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The Newseum is history

Which is scary

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Do you know your First Amendment rights?

Think back to school. Your government or civics classes. 

When asked if the First Amendment goes too far in the rights that it protects, more than three-fourths of Americans disagree. That’s fairly good news, but it’s somewhat tempered by the fact that a third of Americans cannot name a single freedom guaranteed by the First Amendment. Another third can only name one. Only one survey respondent out of a sample of 1,009 could name all five. And 9 percent of Americans think that the First Amendment guarantees the right to bear arms. (For the record, that’s the Second Amendment.)  Source.

Well... things like that scare me. 

Things like that also explain (at least a little) why the Newseum in Washington DC is closing on December 31, 2019. 

It also explains why on the weekend before Christmas, I took a road trip. To see something so important... so telling. In the six floors of the museum there's countless knowledge on media, from television to printed words. Artificats from major news events. 

There are copies of newspapers so old that they can't see daylight. (No... seriously... the hall of newspapers is dark for a reason.)

I did a little more reading on the Freedom Forum Institute's site as I wrote my blog post today. This year's survey results have been released. 

The First Amendment Center of the Freedom Forum Institute  announced the results of its annual State of the First Amendment survey, which discovered that the public has generally become more knowledgeable about rights under the First Amendment over the past year. 71 percent of respondents were able to correctly name at least one First Amendment right, nearly a 20 percent increase compared to 2018 survey results. The survey has been published since 1997 and was conducted in partnership with Fors Marsh Group, an applied research company. Each year, this survey reveals Americans’ changing attitudes toward the essential five freedoms of the First Amendment — religion, speech, press, assembly and petition. Review the complete survey here.

Despite broader public awareness, many misconceptions surrounding the First Amendment remain prevalent today. 16 percent of those surveyed said that the right to bear arms was guaranteed by the First Amendment, up from nine percent in 2018, while two-thirds (65 percent) agreed that social media companies violate users’ First Amendment rights when they ban users based on objectionable content  they post.  Source

As great as it is that more people can name at least one of the rights... it still bothers the hell out of me that people confuse the Second Amendment with the First. I guess they know they have rights at least.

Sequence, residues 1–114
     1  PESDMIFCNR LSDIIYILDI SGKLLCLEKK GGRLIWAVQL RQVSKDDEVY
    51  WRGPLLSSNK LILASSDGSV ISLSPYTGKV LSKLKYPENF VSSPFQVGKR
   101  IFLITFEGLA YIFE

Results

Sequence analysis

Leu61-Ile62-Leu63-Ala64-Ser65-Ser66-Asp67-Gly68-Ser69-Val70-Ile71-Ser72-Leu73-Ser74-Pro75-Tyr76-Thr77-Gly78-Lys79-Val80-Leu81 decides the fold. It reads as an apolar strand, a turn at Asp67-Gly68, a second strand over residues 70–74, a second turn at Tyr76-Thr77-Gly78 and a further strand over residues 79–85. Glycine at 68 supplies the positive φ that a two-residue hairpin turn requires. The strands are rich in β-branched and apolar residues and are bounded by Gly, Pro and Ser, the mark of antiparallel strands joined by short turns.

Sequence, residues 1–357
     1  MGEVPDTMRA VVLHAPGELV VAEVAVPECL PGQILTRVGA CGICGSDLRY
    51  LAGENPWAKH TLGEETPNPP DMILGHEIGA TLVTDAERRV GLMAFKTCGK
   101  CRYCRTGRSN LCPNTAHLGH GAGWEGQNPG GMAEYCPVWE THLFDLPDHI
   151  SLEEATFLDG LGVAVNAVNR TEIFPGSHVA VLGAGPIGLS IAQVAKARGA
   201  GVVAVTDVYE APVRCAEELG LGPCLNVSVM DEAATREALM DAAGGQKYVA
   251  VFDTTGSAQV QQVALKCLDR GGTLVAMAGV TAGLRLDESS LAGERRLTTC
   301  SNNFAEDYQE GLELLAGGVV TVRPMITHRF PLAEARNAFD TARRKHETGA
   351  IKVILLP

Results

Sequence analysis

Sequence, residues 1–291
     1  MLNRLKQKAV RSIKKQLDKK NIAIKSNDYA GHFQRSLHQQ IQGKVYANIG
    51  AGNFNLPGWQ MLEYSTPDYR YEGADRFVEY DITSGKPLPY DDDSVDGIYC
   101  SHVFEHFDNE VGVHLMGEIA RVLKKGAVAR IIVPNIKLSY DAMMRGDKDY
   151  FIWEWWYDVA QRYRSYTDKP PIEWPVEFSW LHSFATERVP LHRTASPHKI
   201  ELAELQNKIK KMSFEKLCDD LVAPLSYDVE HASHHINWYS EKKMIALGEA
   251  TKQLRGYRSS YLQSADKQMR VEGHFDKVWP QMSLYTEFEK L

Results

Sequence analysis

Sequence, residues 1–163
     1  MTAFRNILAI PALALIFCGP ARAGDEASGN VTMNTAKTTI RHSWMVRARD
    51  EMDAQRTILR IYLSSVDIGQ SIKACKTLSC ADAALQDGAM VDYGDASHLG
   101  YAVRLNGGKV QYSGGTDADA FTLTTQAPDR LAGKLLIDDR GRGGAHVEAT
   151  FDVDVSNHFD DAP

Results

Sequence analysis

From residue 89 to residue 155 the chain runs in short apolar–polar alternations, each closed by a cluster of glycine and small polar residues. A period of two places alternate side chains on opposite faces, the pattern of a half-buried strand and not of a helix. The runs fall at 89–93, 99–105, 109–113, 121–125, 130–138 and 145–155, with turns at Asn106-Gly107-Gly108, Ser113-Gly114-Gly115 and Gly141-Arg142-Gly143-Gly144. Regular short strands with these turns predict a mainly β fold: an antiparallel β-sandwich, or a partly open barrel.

I wandered the six floors, taking in all the old news vibes I could, knowing that this would be the last time all these items would be avilable to see for quite sometime.  

For someone who literally has news in their blood, this place is (was) a mecca. Journalists and typesetters, designers and photographers wandered through along with people who were just interested in seeing what the museum had to offer. 

I smiled at blocked of linotype, and marvelled over how the hell someone hand set type that couldn't have been more than 4pt back in the 1700s. I know I have a hard time reading it printed crisp on paper with a laserprinter. How someone by dim lighting could do all those tiny letters by hand, in columns, on a 23" wide broadsheet was beyond me. 

I paused at the journalists memorial and stood with others in silence as we looked at all the names. Those who have been killed  because of their first amendement rights.  2,344 people who died delivering the news.  People, like me... who bring you written word, and video and photos to keep others informed. 

There was so much to see and do, so many videos to watch. It was almost overwhelming just how deep all of the news reached into everything, gathered it together, and tied it up in a neat little package for others to digest at their convenience. 

Sure, it sounds dramatic... but for a person who literally grew up sleeping on mail sacks ontop of paper rolls twenty feet away from a printing press, this was my history. This was what brought me to the place I am now. 

The change in my job through the years has been astonishing. There's no more xacto knife and wax machine with giant paste-up boards. No more finding a typo after hand setting columns upon columns of legal notices and then having to reset them all by hand to add that one line. 

There's no more tiling three pieces of paper for each plate that prints the color you see in the weekly newspaper. Guess that means there's 12 less chances to mess up the color registration on each page you see.  There's no more press guy mixing up the plates to pick on me. No more freshly pressed newspapers to the forehead when I'm not paying attention. 

Now, I produce everything on screen, send it off to our press with the click of a button, and hope they print it correctly.  By the time it gets back to me, it's been hours.  The smell of the ink isn't there and my hair doesn't have wax in it. I no longer smell like developer and chemicals from a darkroom when I go home. 

History like that, though not found in any museum, is what drew me to make the trip. So I looked at reporters notebooks on display, at cameras and original type, and I  hoped as I wandered through that they would find a place suitable enough to put all these pieces back together in one place. 

Now, for those of you who are still reading... the answer: freedom of religion, speech, press, petition, and assembly is what the first amendement gets you. 

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